4.1 was never going to come to iPad. Apple doesn’t release major versions of their operating systems without having put them through a developer beta first. There never was an iPad 4.1 developer beta. So the fact that there isn’t going to be an iPad 4.1 didn’t bum me out because I knew it wasn’t going to happen. And with a beta cycle of around 6-8 weeks, November was about the earliest 4.2 would realistically happen. If you know what you’re NOT getting for your birthday, you’re less bummed out when you don’t get it :-)

I was a little bit bummed about the fact that the Apple TV doesn’t have an app store (in spite of many rumours that it would have). But then, we also had to wait a whole year for the app store to come to iPhone. Apple, for all that they SEEM to be focusing on being revolutionary, mostly take a slowly-does-it approach on their products. We’ll see. I believe an Apple TV app store is going to happen — Apple seems to be enjoying giving Sony and Nintendo an uphill battle in the portable gaming space, so I’m pretty sure they’d like to see whether they can bring that into the living room too. (Note that the Apple TV apparently has an A4 processor – the same one powering the iPhone 4, iPod Touch 4 and iPad.)

HDR… I think it is workable on iPhone. My (way too many) years of parking in my alma mater’s signal processing lab suggests to me that the source images don’t have to be exactly identical for HDR to still output sharp images, provided you do your image processing correctly and that none of your source images are blurred. In HDR, you’re not so much merging the images as you are applying spectral info from one or more source images to another source (reference) image. Folks seem to be getting good results with apps like TrueHDR today (average rating for the current version on the US app store is 4.5 stars).

I think the new ipod touch is great, hey it’s a camera replacement for sure and a combined gadget for all things really. This will will be really cool.

I’ve been following rumours on the ipad “2” or 7 inch version, I think everyone was expecting some mention of it at the keynote last night, although it was mainly a music event, I think we can safely say the ipad 1 is here to stay until at least mid of next year 2011.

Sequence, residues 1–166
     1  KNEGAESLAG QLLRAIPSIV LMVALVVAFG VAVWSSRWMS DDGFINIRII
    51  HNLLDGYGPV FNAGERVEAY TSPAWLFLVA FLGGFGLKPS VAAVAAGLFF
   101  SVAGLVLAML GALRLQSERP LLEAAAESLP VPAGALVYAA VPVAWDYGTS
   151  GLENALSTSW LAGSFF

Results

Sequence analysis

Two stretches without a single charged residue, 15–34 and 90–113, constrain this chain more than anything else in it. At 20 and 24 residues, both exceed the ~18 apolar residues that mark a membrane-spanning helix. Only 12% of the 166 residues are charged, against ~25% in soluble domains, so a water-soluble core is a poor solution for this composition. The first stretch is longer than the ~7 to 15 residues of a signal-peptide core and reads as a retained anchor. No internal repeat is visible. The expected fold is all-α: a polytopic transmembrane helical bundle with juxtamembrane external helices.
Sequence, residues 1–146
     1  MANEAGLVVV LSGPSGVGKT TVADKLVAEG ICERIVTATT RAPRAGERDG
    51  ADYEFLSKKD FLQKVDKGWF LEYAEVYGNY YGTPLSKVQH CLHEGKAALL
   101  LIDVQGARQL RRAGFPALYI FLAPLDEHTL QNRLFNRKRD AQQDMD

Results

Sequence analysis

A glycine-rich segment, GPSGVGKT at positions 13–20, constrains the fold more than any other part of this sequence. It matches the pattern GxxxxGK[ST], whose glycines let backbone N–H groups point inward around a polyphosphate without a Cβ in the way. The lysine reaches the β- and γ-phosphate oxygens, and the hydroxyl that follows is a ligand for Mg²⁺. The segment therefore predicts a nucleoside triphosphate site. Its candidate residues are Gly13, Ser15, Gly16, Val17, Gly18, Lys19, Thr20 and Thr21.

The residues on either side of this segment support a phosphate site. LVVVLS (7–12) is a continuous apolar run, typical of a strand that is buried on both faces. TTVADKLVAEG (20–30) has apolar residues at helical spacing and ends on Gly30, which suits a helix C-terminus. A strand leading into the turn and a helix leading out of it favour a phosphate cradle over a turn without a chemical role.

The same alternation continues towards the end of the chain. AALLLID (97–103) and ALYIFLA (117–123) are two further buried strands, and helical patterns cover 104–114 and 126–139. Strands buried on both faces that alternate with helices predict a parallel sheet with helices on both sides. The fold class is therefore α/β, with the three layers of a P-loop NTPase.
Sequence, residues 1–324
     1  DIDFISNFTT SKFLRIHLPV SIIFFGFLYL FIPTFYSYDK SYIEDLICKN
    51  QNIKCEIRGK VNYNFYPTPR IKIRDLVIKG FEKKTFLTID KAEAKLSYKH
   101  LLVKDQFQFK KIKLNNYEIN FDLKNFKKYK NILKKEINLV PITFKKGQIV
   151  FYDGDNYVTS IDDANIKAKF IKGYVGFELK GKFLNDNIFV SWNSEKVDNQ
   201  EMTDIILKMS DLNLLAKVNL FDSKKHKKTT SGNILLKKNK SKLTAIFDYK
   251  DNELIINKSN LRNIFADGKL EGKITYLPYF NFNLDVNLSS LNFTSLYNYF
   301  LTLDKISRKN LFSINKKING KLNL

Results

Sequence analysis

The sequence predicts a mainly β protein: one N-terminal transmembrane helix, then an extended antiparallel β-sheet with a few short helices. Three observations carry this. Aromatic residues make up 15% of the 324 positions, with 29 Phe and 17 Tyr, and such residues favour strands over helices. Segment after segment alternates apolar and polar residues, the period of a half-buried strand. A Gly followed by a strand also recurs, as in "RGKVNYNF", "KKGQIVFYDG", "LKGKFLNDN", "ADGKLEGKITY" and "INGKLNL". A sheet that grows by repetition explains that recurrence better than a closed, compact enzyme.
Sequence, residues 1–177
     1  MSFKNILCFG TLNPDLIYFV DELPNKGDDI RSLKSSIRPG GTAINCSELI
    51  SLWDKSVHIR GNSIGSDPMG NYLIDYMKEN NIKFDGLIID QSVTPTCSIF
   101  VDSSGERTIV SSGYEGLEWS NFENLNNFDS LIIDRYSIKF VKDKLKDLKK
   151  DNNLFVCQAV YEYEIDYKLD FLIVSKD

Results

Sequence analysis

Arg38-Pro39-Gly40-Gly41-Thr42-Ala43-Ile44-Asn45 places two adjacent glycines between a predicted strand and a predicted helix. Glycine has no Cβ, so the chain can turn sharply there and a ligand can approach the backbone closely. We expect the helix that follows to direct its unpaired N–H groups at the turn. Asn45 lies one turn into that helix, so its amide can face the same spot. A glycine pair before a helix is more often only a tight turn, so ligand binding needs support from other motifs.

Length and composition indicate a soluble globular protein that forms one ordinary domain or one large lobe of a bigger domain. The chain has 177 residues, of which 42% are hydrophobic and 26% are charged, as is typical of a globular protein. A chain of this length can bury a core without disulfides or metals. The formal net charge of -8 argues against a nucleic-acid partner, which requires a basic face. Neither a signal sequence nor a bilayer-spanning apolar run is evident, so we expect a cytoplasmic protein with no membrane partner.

Anyway for me right I’m thinking to go with the new touch, that is a perfect device for me, don’t like lugging cameras around, keeps my music in one place, games on the train (here in Australia at least) and the ipad, the ipad is 50% tax deduction here, as the tax office views it as a form of a laptop, which is also for educational expenses. I’ll just have to get a hard screen and case cover! for me kids ;_)

Anyway good read and summary, I enjoyed watching the event also.


This was one of the weaker Apple presentations, and only hardcore fanboys, obvlivious to anything that companies other than what Apple are doing, seemed happy. A more balanced summary of the event is here

To summarise my thoughts as an iphone/ipad user, but non fanboy:

Apple TV – mediocre at best. Far more expensive than Netflix/Hulu/Amazon’s content, and the device itself is inferior to what Samsung is putting free into its new panel TVs using the Bada platform ( ) .. $99 and $0.99 suddenly looks like a bad deal, and Apple’s way behind the curve on this one.

Ping Social Network – as the first article I linked points out, it’s a copy of what Zune had years ago, and Apple fanboys laughed at. I guess they’ll find a reason to love it now.